It all amounts to exactly this: The field is full of rip-off artists, sleazy characters, phonies, and middlemen out to wring every dime from content that doesn't really belong to them.
Like a good country song, the details change but the stories stay the same -- trucks and a heartache.
The problem with that speech, of course, is that it's true and everybody knows it. The music business as it stands right now, as it has stood for decades, is a rip-off. It can be more or less effective, it can represent artists and serve the listeners better or worse, but in its present form it can't be a truly honest business.
This is because, as I said in last week's column, music isn't a commodity. It's not a product that can be assembled in a production line or held in your hands. It's something that comes naturally from every living person -- some better than others -- and can be enjoyed by every living person, for free as long as the musician is willing, with no other assistance needed.
The standard business model, perfected in the age of vinyl recordings, presented music as a tangible thing -- a record -- that a businessman could manufacture and sell like any other widget. But the music on those records is only a captured bit of the ephemeral, constantly changing musical experience.
A Bruce Springsteen song is never exactly the same two concerts in a row. A performance of Beethoven or Bach sounds different depending on who is playing, and were those composers themselves to play their most famous music for us, we would likely hear shocking differences from the versions we know -- more radical than any modern interpreter would dare.
The experience of music is determined by its creators and by its listeners. By definition, it is never completely recreated, but is created anew every time. It happens in the moment and will change in the next moment.
The traditional music business, built around the sale of fixed music recordings, handles manufacturing, packaging, and distributing, middlemen selling something they didn't make themselves, something never really theirs to begin with.
These days, though, tech is trashing that model, by fits and starts turning the business of music from a product-based market into something more like a social media service directly connecting artists and listeners.
As I noted in my conversation with composer Bob Ostertag, artists are wrestling with the new tools, using the freedom the Internet provides to bypass the middlemen entirely and using sales platforms like Apple's (NASDAQ:AAPL)
While recordings are still the primary currency of these artists, more and more are emphasizing the recordings as calling cards, samples of the more true, live experience.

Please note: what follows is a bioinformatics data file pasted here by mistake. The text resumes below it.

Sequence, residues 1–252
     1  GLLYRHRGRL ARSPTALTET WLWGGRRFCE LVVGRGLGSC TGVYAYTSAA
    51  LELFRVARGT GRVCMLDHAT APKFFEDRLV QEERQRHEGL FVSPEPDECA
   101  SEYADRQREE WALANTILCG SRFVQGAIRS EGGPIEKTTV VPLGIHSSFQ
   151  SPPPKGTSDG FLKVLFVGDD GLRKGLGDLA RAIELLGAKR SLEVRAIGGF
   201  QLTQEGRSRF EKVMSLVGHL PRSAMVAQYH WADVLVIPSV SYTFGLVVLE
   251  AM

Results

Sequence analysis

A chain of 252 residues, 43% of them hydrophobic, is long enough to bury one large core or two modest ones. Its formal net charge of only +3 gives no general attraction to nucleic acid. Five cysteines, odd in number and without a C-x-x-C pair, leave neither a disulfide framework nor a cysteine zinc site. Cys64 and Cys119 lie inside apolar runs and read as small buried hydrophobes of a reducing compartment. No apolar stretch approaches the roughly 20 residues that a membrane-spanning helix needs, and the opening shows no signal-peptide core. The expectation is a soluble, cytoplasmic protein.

All Business Is Tech
TheStreet's Rocco Pendola has been pointing out how technology affects local business. In his piece Monday, he speculated Pandora could offer artists and concert-goers dynamic tools to build their relationship, exploiting the company's deep databases of user information and music content to post ads and opportunities for ticket sales to specific users for local events.
In an earlier video, Pendola pointed out that local businesses can compete on a local level with national chains, like Starbucks
These ideas are simple, but very powerful. Music is inherently live and therefore inherently local. The future of the music business is not in product sales, but in the service of that artist-listener relationship. Artists are thinking about tech. They're embracing it and using it to reach their audiences directly.
While all of these new technologies have their roots in traditional music marketing -- radio, record stores, mail-order houses and record clubs, publishers, etc. --noneis modeling itself on traditional record labels. That space, controlled right now by fewer than a handful of giant corporations, including Sony (NYSE:SNE)
Even now, the major labels can really market only the biggest draws, the acts competing for the top spots on Billboard's charts. Anything that can't sell hundreds of thousands of albums is not on their radar. Funding for the development of artists, for tours, for studio costs -- all of that is long gone.
The music business will probably rebound from the current rout and reestablish a new role for middlemen, but only after the landscape has settled and the new technologies have become common currency. Small labels that will add value to the experience through artist development will spring up, using the same distribution technologies as the artists themselves.
Virtual media technology will continue to improve, allowing even closer representations of the live music experience.
In the meantime, companies that don't necessarily represent artists but are, instead, working to expand the direct relationship between artist and listener are the surest bet for the future of the business.
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